Top North Carolina Republican supports medical marijuana bill
With North Carolina's GOP-controlled legislature back in full swing, an unlikely bill that would legalize medical marijuana is expected to advance — if only slightly — in the coming days.
The N.C. Compassionate Care Act, sponsored by top Senate Republican and Rules Committee chair Sen. Bill Rabon, is slated to be heard in committee Wednesday.
- It's expected to pass the chamber this week.
- The move comes after the bill was held up for months in the Rabons' committee last year, likely because it lacked support from some Republicans. It was not among the Senate’s top priorities at the time.
Details: The bill would allow medicinal use of weed for a narrow list of reasons, including cancer, epilepsy, post traumatic stress disorder, HIV, AIDS and Crohn's disease. Chronic pain and anxiety are not included, nor would it decriminalize recreational weed.
- It would be one of the strictest in the country if signed into law, The Assembly reported last year.
Why it matters: North Carolina is one of around a dozen states that have yet to legalize medical marijuana. With one of the most powerful state Republicans leading an effort to change, that shows the issue is no longer viewed to be as much of a political liability among conservatives.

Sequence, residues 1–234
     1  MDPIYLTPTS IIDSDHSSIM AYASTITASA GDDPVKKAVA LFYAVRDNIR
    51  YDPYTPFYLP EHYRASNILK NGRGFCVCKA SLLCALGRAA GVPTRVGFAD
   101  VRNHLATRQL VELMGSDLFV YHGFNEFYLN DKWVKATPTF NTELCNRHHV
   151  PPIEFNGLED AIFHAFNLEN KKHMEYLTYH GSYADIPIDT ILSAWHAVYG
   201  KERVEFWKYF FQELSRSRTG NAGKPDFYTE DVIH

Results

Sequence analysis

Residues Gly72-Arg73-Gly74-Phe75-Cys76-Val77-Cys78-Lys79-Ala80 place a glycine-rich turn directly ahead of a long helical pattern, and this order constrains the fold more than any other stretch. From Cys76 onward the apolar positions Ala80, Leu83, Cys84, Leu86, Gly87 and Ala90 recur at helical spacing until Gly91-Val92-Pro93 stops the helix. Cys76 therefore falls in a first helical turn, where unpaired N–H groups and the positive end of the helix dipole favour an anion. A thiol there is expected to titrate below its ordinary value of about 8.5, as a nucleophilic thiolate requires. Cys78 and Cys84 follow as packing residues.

- "All the polling that we've seen indicates that medical marijuana is supported across party lines," said Dylan Watts, state Senate Republican political director. "The issue seems to have almost been desensitized across all demographics."
Yes, but: The bill would still need to pass the House before it reached the governor.
- Cooper has not said whether he would sign the bill into law or not, but he has previously said he would review the legislation.
House Republicans have repeatedly said they don't want to take up substantial policy changes in this year's legislative "short session," which occurs during election years.
- They've pointed specifically to medical marijuana and Medicaid expansion as bills too hefty to take up before the session is slated to end in early July.
What voters are saying: In a poll commissioned by the conservative Carolina Partnership for Reform, 82% of respondents said they supported legalization of medical marijuana.
- "At this point, it seems pretty clear that it is only a matter of time until medical marijuana and recreational marijuana use are legalized in North Carolina," the group wrote when it released the results last week.
Go deeper: Medical Marijuana’s Conservative Champion (The Assembly)
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